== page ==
There was a time when Dwyane Wade was the king of Miami, the cornerstone of a championship franchise. He was universally loved and respected by fans, teammates and opponents alike. There was a time when some considered him to be the second-best player on the planet.
But times change.
Wade is no longer a cornerstone, now comprising one-third of the Heat’s foundation. And an injury-plagued playoff run has led some to question whether Wade is still the same “Flash” that hoisted the Larry O’Brien trophy in 2006.
Kevin Durant suggested earlier this month that Wade is no longer a top-10 NBA player and said that former Thunder teammate James Harden, now with the Rockets, has supplanted Wade on the list.
Heat fans are hoping Durant’s comments will drive Wade to prove doubters wrong — and perhaps he will — but Wade said he’s just as motivated as every year, regardless of what has been said about him.
Chip on shoulder
“I always enter with a chip on my shoulder. People always think something about something,” Wade said. “I’ve played with that chip just because of who I am and where I come from, and I’ll always play that way.”
But just because Wade isn’t completely focused on proving doubters wrong doesn’t mean that he won’t make the public forget about the hobbled version of him that took the hardwood in the playoffs, averaging a career-low 15.9 points per game.
Wade, LeBron James and coach Erik Spoelstra all indicated that Wade is healthier than he’s been in a long while. The previous two summers, Wade underwent offseason surgery. The bone bruise on his knee that plagued Wade in the latter half of last season has fully healed and didn’t require surgery.
Translation: look out, NBA.
“I hear ‘A healthy Dwyane Wade’ and I get excited,” James said. “This is probably as healthy as he’s been since  training camp. He’s hungry. He’s hungry to get back to form and to show why he’s one of the greatest two-guards to ever play this game.”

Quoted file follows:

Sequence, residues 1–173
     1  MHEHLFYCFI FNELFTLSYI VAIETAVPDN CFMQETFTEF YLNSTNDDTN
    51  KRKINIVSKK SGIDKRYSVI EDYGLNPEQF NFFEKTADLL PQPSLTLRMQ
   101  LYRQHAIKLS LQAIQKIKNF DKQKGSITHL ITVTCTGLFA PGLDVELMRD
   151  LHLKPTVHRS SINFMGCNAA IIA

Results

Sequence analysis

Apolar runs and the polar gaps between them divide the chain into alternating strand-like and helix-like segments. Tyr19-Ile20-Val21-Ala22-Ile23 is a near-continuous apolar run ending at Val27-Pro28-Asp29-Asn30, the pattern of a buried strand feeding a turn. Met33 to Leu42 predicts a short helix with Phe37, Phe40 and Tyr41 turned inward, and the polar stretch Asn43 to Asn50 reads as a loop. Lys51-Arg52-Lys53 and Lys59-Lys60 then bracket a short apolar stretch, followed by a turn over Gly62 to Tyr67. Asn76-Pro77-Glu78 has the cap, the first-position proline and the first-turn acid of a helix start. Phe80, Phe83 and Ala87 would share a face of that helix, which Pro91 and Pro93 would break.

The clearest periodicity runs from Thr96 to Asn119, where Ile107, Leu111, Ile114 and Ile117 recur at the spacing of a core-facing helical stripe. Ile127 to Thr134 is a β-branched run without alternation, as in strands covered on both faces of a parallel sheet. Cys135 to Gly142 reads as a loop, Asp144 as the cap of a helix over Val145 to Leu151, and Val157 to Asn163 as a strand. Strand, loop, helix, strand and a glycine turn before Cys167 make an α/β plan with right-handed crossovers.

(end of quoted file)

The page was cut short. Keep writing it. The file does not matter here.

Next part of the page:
Spoelstra expressed disappointment that Wade’s insistence on playing through injury in last year’s playoffs was framed as a negative storyline.
When Wade injured his knee in a regular-season game against Boston, he knew the only way to get healthy was to take time off, three to four weeks. Instead, he played through the injury in a diminished capacity, drawing criticism and cries that the 11-year veteran was on the decline.
“That should be celebrated. Most players probably wouldn’t have played, and you don’t leave yourself subjected to that kind of criticism,” Spoelstra said. “He played through it with the doctors’ and our trainers’ support, knowing that it couldn’t get worse, but it wasn’t going to get better either. He had to do it in different ways and he did take a lot of criticism, but he’s a warrior for playing through that.”
This could be the first season Wade is healthy since becoming fully comfortable in his role on this team.
The second option
“I’m the second option. Let’s just point-blank say it,” Wade said. “Obviously I don’t have the ball as much so I’ve got to be a better post-up player, I’ve got to be way more efficient than I’ve ever been. I’ve got to — kind of like I did with the Olympic team — find ways to be ‘involved when I’m not involved.’”
Since the arrival of James and Chris Bosh, Wade has gradually improved at affecting the game without being the primary ballhandler, learning how to better cut to the basket, rebound and play defense.
Wade joked that he still thinks he’s a “pretty good” second option, and perhaps narratives of his decline are premature. With the efficacy Wade developed the past two seasons in his secondary role and a body healthier than it’s been in a while, the nine-time All-Star may be poised to have one of his most efficient seasons.
Wade may not be the king of Miami anymore, but the Heat seem pretty content to have Wade be a foundational piece as it embarks on a mission for a third title in a row.